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Trends in Mathematical Crystallisation

3-6 May 2016

Organiser: Stefan Adams, Markus Heydenreich, Frank den Hollander, Sabine Jansen

Room D1.07

Participants: M. Baake (Bielefeld); L. Betermin (Heidelberg); X. Blanc * (Paris); D. Brydges (UBC Vancouver); D. Conache (Munich); L. De Luca (Munich); D. Dereudre (Lille); A. v. Enter * (Groningen); G. Friesecke (Munich); A. Giuliani * (Rome); T. Helmuth (Berkley); B. Jahnel (WIAS Berlin); G. Last (Karlsruhe); M. Lewin (Paris); J.P. Lions * (Paris); S. Kapfer (Nürnberg); W. Kendall (warwick); F. Merkl (Munich); S. Müller * (Bonn); M. Penrose (Bath); E. Pulvirenti (Leiden); E. Presutti (Rome/L'Aquila); C. Radin * (Austin); T. Richthammer (Hildesheim); B. Schmidt (Augsburg); F. Theil (Warwick); S. Taati (Leiden); D. Tsagkarogiannis (Sussex). [ * := to be confirmed]

The workshop concentrates on the mathematical theory of crystallisation. The workshop focusses on five topics that are closely connected with crystallisation, and approach these topics from different mathematical angles.

- Spatial symmetry breaking at positive temperature

- Crystallisation and surface effects at zero temperature

- Continuum particle systems (Gibbs point processes, metastability, and Percolation)

- Elasticity (variational analysis & gradient fields) and quasi-crystals/liquid crystals

- Differential geometry

The primary goal is to discuss the different approaches towards crystallisation in these disciplines (analysis, probability theory and statistical physics).

Vision: Crystallisation is the (natural or artificial) process of formation of solid crystals precipitating from a solution, melt or more rarely deposited directly from a gas. Crystallisation is also a chemical solid-liquid separation technique, in which mass transfer of a solute from the liquid solution to a pure solid crystalline phase occurs. In chemical engineering crystallisation occurs in a crystalliser. Crystallisation is therefore an aspect of precipitation, obtained through a variation of the solubility conditions of the solute in the solvent, as compared to precipitation due to chemical reaction.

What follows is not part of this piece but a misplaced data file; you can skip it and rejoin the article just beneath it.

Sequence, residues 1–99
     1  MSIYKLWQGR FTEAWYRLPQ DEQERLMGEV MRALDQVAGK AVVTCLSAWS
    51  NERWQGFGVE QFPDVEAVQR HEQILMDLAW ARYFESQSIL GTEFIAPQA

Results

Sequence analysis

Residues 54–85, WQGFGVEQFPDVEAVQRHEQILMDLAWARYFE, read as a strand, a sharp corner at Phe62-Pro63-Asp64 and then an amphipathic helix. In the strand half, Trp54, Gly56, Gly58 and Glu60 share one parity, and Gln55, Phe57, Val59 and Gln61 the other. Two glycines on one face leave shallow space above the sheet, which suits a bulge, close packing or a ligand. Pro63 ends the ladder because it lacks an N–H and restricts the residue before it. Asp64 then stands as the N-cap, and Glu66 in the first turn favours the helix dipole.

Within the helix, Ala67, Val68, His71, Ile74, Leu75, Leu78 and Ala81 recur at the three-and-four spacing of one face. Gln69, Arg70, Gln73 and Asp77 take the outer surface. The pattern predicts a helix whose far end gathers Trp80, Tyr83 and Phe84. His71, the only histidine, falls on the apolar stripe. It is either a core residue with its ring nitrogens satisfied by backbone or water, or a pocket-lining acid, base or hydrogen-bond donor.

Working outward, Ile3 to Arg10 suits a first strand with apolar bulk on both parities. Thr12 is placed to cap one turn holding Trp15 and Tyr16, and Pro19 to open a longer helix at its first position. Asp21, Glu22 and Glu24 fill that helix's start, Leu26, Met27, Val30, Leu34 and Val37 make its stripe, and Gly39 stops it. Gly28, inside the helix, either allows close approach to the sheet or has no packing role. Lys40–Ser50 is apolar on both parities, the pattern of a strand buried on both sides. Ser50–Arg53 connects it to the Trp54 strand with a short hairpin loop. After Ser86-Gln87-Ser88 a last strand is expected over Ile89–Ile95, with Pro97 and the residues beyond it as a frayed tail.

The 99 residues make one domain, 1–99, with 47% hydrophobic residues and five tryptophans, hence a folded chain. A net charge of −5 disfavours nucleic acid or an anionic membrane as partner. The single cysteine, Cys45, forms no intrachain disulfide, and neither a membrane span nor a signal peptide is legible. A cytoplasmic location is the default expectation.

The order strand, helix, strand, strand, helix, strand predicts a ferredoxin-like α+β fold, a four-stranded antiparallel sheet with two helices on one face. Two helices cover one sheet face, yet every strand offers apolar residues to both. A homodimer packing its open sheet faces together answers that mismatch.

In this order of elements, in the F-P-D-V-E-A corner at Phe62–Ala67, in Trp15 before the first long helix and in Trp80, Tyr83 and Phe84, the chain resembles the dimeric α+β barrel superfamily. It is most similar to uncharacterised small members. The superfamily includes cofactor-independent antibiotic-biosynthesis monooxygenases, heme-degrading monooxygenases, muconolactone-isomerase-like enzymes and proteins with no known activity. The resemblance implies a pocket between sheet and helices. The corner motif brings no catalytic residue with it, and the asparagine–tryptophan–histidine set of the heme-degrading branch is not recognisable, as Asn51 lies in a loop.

Crystallisation poses major challenges for mathematicians - it is one of the challenging open interdisciplinary problems involving analysts, probabilists, applied mathematicians, physicists and material scientists. There are many open questions, among which are the following. Most of these have been discussed at the workshop 'Facets of mathematical crystallization' - Lorentz Center Leiden, September 2014. A key challenge of the workshop is to address and clarify their potential further.

Open Questions

(I) What characterises a crystal? What characterises different forms of spatial order?

(II) What should a system be called for which rotational symmetry is broken but translational symmetry is not? A liquid crystal or a hexatic crystal?

(III) Is translational symmetry typically broken at low temperature in $ d\ge 3$? What aspects of the interaction potential are crucial for this? Repulsion at short distances and attraction at large distances?

(IVa) What do zero-temperature models tell us about positive-temperature models?

(IVb) Can hard-sphere (or otherwise geometrically constrained) systems teach us anything about systems with finite interactions?

(IVc) What is the role of Pirogov-Sinai theory in this context?

(V) Are (small numbers of) defects essential to stabilise a crystal at small positive temperatures? Are crystals typically metastable (because they are obtained after a temperature quench)?

(VI) What can be learned from liquid crystals? What are the order parameter for positive temperature?

(VII) What can be learned from continuum percolation systems in $\mathbb{R}^2$?

(VIII) Does discretisation introduce spurious ground states? In other words, does coarse-graining introduce extra ground states that are not present without the coarse-graining?

(IX) What can the Cauchy-Born rule explain for crystal structures and elasticity?

(X) Is translational symmetry typically broken at low temperature in $ d\ge 3 $? What aspects of the interaction potential are crucial for this? Repulsion at short distances and attraction at large distances?

(XI) What needs to be measured about a crystal in order to identify its structure?

(XII) How does the theory of finite crystals (Wulff shapes, gradient mod- els, sharp versus rounded edges, etc.) relate to the theory of infinite crystals?

(XIII) What is the role of quantum mechanics for crystallisation?

(XIV) Does the theory of granular media have any bearing on the theory of crystallisation, and vice versa?

(V) Should physicists not have the ambition to build physical systems that can exhibit any thinkable form of crystallisation?

The Programme can be found here.

The Abstracts can be found here.

Aerial photograph of Maths Houses

See also:
Mathematics Research Centre
Mathematical Interdisciplinary Research at Warwick (MIR@W)
Past Events 
Past Symposia 

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